Bar with Statistics


One of the key benefits of using a horizontal bar chart is the ability to display statistics for each bar.  This is a popular feature for the HBAR statement with the SAS/GRAPH GCHART procedure.  So, let us review the options available to us to create such graphs using SGPLOT.

BarLabelThe simplest case is to display the frequency of each bar on the right hand side as shown in the graph on the right.  Here we have used the SGPLOT HBAR statement with the DataLabel option with Position=right.

I have also used the NoWall, NoBorder options and suppressed axis lines and baseline to get this popular view.  Note, the stat values are not colored by group.  Click on the graph for a higher resolution image.

proc sgplot data=cars nowall noborder;
hbar type / group=origin groupdisplay=cluster dataskin=pressed
baselineattrs=(thickness=0) datalabel datalabelpos=right;
yaxis display=(nolabel noline noticks);
xaxis display=(noline noticks) grid;

MPG3With SAS 9.4, you have the option to include any statistics with a HBAR plot using the YAxisTable statement.  We can use this statement to display other statistics as shown on the right.

In this example, I have included the Mean City and Highway mileage along with the frequency counts.  Note, the frequency count values are now color coded by group.  All values are displayed right justified in the column by default.

proc sgplot data=cars nowall noborder;
label mpg_city='Mean City Mileage' mpg_highway='Mean Highway Mileage' n='Count';
format mpg_city mpg_highway 4.1;
hbar type / group=origin groupdisplay=cluster stat=pct dataskin=pressed 
yaxistable n / stat=sum classdisplay=cluster colorgroup=origin 
     valueattrs=(size=6 weight=bold) nostatlabel;
yaxistable mpg_city mpg_highway/ stat=mean classdisplay=cluster colorgroup=origin 
     valueattrs=(size=6 weight=bold);
yaxis display=(nolabel noline noticks);
xaxis display=(noline noticks) grid;

In the graph and code above, I have used one YAxisTable to display the frequency values by using an additional variable called "N" with Freq=Sum.   This variable contains only "1" for each observation so we get the sum of the counts in this column.  You can also use any other numeric variable with Stat=Freq, and set the variable label appropriately.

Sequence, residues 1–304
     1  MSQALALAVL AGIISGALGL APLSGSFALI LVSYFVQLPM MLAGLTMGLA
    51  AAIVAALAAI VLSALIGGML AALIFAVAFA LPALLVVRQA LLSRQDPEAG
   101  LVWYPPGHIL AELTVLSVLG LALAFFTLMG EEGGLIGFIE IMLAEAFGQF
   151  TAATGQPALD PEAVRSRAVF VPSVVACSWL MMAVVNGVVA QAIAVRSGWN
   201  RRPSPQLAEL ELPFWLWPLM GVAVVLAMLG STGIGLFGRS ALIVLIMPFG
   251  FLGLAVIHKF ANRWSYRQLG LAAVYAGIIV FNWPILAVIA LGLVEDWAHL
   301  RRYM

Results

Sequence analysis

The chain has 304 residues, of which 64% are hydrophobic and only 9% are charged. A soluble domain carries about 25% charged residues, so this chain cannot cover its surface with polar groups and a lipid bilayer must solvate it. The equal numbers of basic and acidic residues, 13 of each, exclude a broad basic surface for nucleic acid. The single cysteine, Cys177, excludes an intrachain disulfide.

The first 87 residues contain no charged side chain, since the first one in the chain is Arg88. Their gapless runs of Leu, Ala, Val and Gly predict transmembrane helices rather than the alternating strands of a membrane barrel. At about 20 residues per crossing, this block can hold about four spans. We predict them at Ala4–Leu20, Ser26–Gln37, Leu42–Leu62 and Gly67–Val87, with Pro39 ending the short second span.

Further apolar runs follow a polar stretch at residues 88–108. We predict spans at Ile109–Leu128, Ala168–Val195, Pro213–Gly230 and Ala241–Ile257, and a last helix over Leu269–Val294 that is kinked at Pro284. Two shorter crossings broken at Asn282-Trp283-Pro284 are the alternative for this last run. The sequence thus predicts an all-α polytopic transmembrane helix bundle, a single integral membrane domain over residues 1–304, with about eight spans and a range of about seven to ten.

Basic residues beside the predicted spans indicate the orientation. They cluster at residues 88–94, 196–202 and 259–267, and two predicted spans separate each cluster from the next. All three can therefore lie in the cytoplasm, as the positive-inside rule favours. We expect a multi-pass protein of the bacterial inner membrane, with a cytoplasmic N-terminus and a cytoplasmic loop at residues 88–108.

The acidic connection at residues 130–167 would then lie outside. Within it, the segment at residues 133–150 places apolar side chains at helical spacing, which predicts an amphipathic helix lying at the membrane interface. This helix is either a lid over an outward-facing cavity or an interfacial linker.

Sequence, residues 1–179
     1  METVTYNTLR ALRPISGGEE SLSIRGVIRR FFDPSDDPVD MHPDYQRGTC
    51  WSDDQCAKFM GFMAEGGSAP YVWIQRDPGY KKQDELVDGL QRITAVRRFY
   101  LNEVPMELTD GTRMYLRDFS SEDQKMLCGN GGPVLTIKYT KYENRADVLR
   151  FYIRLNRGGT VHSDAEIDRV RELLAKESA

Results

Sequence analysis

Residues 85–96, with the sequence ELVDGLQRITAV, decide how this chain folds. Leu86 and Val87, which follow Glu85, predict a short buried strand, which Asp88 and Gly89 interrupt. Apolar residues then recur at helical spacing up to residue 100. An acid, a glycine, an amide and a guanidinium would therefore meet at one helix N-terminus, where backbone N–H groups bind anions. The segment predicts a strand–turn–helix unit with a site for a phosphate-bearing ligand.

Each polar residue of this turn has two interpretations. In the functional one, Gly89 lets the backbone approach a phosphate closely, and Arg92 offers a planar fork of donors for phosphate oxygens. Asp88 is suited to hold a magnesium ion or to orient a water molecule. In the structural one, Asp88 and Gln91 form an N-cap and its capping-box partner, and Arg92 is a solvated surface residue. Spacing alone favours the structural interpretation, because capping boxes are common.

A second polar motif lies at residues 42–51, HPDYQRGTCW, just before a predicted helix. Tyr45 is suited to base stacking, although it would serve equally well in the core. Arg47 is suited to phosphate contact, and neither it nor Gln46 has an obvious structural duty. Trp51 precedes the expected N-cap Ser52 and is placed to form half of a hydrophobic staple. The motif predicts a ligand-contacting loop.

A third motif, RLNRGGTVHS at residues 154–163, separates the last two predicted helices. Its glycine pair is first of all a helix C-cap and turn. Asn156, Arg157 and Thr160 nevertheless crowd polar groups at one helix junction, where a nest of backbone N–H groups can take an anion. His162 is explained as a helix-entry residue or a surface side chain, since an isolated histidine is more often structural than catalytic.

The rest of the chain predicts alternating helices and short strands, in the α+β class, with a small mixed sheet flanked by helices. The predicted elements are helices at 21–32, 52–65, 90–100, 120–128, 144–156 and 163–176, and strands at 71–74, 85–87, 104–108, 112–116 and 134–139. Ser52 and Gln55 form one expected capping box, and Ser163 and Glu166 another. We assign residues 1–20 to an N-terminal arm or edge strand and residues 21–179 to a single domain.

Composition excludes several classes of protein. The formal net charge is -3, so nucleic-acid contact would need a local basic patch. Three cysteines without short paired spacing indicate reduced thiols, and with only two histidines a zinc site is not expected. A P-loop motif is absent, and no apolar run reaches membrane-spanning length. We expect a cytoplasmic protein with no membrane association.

Using the YAxisTable instead of the DataLabel option as in the first graph allows us to color each observation by group.  Then, I have used a second YAxisTable with mpg_city and mpg_highway as the variables with Stat=Mean to display the mean mileage values also colored by group.

BandsFor the graph on the right, I have used ValueHAlign=center to display each value in the center of the column using a 4.1 format.  I have set the labels for the variables to indicate the statistic used for each label.  I have also used faint horizontal bands for each category to help the eye across the graph.

Statistics can be displayed "Inside" or "Outside" the graph area, which is more apparent if graph borders are used.  Additional statistics can be displayed by adding more variables to the YAxisTable statement, or using another YAxisTable statement to display values on the left of the bars.

Full Program:  BarStats_SG_94


About Author

Sanjay Matange

Director, R&D

Sanjay Matange is R&D Director in the Data Visualization Division responsible for the development and support of the ODS Graphics system, including the Graph Template Language (GTL), Statistical Graphics (SG) procedures, ODS Graphics Designer and related software. Sanjay has co-authored a book on SG Procedures with SAS/PRESS.